The president and Congress need an intervention

When some people appear beyond help because of addiction or other circumstances they can’t control, family members have been known to stage an intervention. Congress and President Biden need an intervention as their addiction to spending exceeds anything seen in history.

In his State of the Union address last week, the president invoked one of his party’s favorite lines about corporations and the rich not paying their “fair share” in taxes. Notice they never say what they consider fair and when Democrats manage to hike the tax rate it’s never enough.

The president claimed he has reduced the “deficit” (as opposed to the debt, which continues to grow). He takes credit for the reduction in spending following the COVID-19 pandemic, but that produced a decrease in the increase of spending, not an actual reduction. In the way the government mis-figures things, if you spent $500 on a credit card one month and $400 the following month, you would have decreased your spending, but still added $900 to what you owe. See how this works?

The top 1% of taxpayers — those who earn $561,351 or more — paid 42.3% of the total tax revenue collected in 2020, according to the latest figures from the IRS. In fact, the top 1% of taxpayers paid more income taxes than the bottom 90% combined. And yet the president wants to squeeze more blood from these successful “turnips.” Notice Democrats never suggest cutting a single dollar in spending, or eliminating programs that don’t work, or have exceeded their “sell-by” date. Instead, they demand more from the successful to subsidize and buy votes from people who pay no taxes, many of whom receive government checks.

Basic economics appears among the casualties of what is not taught in today’s public schools and universities. Let me help the uninformed and misinformed. Too much debt is a dead weight on the economy and on individuals.

From America’s beginning, there have been warnings of the threat to the nation of large debt.

As this is the 100th anniversary of Calvin Coolidge’s presidency, let’s begin with a few of his thoughts on debt: “Public debt is a burden on all the people.” Under Coolidge the debt fell. About taxes, he said:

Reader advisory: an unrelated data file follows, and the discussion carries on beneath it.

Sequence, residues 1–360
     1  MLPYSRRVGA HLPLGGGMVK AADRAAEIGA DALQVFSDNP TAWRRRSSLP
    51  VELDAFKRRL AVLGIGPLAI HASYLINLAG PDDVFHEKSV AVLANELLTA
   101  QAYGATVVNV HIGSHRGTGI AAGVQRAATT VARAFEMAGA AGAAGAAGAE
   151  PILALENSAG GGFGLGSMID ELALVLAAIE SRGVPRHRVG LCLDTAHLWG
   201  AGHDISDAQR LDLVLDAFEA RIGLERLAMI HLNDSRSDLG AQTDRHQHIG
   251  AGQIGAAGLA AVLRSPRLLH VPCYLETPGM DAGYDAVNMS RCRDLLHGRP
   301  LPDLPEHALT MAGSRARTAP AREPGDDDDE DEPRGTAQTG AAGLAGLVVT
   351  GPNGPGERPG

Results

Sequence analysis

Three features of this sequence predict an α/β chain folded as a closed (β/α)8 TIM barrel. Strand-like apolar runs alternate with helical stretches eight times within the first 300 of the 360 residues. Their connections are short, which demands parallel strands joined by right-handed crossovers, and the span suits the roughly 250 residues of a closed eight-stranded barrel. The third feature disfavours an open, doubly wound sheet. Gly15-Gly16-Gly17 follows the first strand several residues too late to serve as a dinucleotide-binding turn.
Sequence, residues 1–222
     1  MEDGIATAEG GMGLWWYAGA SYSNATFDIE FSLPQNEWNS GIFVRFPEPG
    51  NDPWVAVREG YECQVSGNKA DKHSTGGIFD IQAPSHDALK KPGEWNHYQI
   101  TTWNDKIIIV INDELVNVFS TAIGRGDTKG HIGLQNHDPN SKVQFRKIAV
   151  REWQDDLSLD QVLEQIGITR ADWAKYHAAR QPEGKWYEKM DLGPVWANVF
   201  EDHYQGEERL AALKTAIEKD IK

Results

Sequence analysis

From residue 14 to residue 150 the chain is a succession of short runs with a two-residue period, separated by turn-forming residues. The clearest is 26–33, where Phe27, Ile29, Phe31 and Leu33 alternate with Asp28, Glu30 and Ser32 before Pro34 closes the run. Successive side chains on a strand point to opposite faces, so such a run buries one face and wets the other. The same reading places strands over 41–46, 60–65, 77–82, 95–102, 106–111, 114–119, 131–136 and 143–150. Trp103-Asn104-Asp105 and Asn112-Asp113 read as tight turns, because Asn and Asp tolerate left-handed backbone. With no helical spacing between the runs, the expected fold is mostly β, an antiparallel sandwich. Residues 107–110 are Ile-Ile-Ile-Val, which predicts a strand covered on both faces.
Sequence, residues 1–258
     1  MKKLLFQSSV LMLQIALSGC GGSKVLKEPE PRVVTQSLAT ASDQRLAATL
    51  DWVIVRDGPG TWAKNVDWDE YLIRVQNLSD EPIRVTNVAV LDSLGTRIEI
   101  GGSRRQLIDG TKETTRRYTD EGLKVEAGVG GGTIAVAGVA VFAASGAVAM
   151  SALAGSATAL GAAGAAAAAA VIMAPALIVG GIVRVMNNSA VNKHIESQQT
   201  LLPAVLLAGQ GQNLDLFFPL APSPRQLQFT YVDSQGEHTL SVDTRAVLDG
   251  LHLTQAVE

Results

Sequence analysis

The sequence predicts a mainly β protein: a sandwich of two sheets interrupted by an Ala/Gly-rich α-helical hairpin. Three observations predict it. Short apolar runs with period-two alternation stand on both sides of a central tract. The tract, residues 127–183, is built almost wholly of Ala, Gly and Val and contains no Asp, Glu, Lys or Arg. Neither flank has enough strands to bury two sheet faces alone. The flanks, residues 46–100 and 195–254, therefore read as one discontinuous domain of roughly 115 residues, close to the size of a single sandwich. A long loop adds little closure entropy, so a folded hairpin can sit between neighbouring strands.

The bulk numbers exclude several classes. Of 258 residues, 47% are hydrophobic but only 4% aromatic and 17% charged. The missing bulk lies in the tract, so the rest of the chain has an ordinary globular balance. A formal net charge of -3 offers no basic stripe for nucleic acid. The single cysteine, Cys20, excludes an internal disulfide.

The collection of taxes which are not absolutely required, which do not beyond reasonable doubt contribute to public welfare, is only a species of legalized larceny. Under this Republic the rewards of industry belong to those who earn them.”

What has changed in one century? Again, it is the transition from self-reliance to an over reliance on government.

George Washington warned the new nation to avoid “the accumulation of debt, not only by shunning occasions of expense, but by vigorous exertions in time of peace to discharge the debts.” Washington also believed it wrong to place “upon posterity the burden which ourselves ought to bear.” As with many of the other Founders, Washington would likely be appalled that moderns are ignoring his sage advice.

Why don’t more of us pay attention to the wise words of men like these and to what history teaches about nations that fall too deep into debt? Again, the answer is that so many people have been misled to rely on government first and themselves last that they have become addicted to government and the borrowed money that keeps those checks coming. As with other addictions from which the addicted cannot free themselves, an intervention is much needed. One can happen in November if enough non-addicts vote for candidates who are committed to putting our financial house back in order. First, they have to change their thinking about what was supposed to be a limited government so that “we the people” might be unlimited in our pursuit of happiness.

Readers may email Cal Thomas at tcaeditors@tribpub.com.